A lunar lander called Blue Ghost will touch down on the Earth's Moon in 2023, carrying with it a Montana State University experiment on how outer space radiation affects computers. Marshall Swearingen of MSU News reported that RadPC has already been tested in Earth orbit and on the International Space Station. NASA had earlier accepted the project as part of a payload headed toward the lunar surface, but a schedule this past week gives the Bozeman, Montana, project team some definite deadlines to put together the finishing touches.

Brock LaMeres, Department of Electrical and Computer Engineering professor, said, "We were doing prototyping and testing, and then overnight this announcement changed everything. It's exciting because all of a sudden we're scheduling meetings with upper-level NASA people to lay out the schedule for everything that has to happen before launch."

LaMeres, the project leader, says the RadPC project has been developed, working closely with NASA, over the last 10 years, involving over 62 undergraduates, 17 graduate students and a dozen faculty, including engineers in the Space science and Engineering Lab in the Department of Physics at the MSU campus.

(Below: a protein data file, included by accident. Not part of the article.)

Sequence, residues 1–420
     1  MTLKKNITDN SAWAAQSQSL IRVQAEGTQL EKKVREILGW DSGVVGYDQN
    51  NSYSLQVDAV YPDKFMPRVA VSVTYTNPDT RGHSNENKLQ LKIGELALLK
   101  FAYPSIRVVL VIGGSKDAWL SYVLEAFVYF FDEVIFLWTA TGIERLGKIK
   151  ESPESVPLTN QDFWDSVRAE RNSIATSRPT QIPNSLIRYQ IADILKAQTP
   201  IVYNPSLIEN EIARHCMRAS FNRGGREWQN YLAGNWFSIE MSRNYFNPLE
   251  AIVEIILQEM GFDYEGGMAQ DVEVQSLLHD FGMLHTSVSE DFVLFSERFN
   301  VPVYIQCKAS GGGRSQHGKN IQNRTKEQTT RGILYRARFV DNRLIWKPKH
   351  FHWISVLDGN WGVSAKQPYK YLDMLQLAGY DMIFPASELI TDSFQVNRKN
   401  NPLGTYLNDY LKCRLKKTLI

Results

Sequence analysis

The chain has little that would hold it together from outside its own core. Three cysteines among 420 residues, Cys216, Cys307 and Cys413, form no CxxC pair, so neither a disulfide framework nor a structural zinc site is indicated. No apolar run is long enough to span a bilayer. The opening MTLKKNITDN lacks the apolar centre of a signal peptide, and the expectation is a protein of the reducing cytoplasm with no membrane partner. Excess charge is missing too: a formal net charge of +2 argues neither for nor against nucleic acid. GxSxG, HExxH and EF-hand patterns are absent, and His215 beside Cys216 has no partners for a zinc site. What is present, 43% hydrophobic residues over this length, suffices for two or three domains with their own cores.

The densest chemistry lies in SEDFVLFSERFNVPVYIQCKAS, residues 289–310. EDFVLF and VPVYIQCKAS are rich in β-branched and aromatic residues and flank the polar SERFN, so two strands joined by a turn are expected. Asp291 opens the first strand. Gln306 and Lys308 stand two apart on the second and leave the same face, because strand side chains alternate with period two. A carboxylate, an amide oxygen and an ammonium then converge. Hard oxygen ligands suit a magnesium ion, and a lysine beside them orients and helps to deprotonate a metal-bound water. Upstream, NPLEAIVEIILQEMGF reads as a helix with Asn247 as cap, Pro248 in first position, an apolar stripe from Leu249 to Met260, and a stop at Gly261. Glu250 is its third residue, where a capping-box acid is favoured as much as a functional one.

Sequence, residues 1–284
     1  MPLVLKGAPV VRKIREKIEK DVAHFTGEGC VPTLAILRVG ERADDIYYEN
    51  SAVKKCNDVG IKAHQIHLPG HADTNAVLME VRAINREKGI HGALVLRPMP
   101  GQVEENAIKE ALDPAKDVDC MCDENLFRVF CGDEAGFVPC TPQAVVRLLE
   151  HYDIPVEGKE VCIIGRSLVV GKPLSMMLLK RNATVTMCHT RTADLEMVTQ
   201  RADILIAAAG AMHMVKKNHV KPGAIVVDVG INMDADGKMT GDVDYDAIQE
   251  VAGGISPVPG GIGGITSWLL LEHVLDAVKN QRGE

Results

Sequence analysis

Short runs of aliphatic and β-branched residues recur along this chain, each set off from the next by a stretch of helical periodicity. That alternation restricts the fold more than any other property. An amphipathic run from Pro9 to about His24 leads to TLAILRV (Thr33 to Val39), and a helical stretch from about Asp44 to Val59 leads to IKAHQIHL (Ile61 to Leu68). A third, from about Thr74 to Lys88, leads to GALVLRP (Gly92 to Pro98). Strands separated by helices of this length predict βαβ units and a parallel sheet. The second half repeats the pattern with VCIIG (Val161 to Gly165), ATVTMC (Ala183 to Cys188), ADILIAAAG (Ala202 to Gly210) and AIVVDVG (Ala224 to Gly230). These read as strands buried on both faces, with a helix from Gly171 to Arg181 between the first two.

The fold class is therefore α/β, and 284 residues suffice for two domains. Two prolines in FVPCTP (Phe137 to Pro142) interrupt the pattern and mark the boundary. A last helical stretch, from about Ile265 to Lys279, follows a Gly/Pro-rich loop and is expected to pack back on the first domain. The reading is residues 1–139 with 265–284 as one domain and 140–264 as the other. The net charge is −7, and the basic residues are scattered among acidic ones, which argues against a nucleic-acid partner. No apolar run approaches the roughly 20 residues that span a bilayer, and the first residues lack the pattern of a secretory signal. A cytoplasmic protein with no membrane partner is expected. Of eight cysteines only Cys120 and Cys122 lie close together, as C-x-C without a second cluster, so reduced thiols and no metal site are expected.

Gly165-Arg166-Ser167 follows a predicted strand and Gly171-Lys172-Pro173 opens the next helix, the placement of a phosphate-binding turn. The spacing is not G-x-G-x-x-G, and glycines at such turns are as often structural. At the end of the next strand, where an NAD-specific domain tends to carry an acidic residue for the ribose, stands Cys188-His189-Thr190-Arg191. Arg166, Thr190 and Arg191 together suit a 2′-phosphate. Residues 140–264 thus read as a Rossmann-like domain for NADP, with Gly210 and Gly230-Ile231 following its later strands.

The study involves a way for space computers to deal with radiation, such as high-energy particles from the Sun. Earth's atmosphere shields much of that radiation. LaMeres explained in a news release that multiple common computer processors worth together. If a radiation particle disrupts one processor, one of others takes over immediately, and the computer keeps working. The unique software program handles the redundancy. The RadPC has flown on the International Space Station and has been tested on high-altitude balloons and on two small orbiting satellites.

The MSU prototype is one of a dozen tech projects on the lander as part of the Artemis program, which hopes to establish a human base on the Moon in 2024, leading to a mission to Mars. MSU has a $1.6 million NASA grant to get the project delivered in a year, with a further year of testing before the launch. More information at the MSU News Service.

radpc work
Jake Davis (left) and Chris Major work on RadPC at MSU. (MSU Photo by Adrian Sanchez-Gonzalez)

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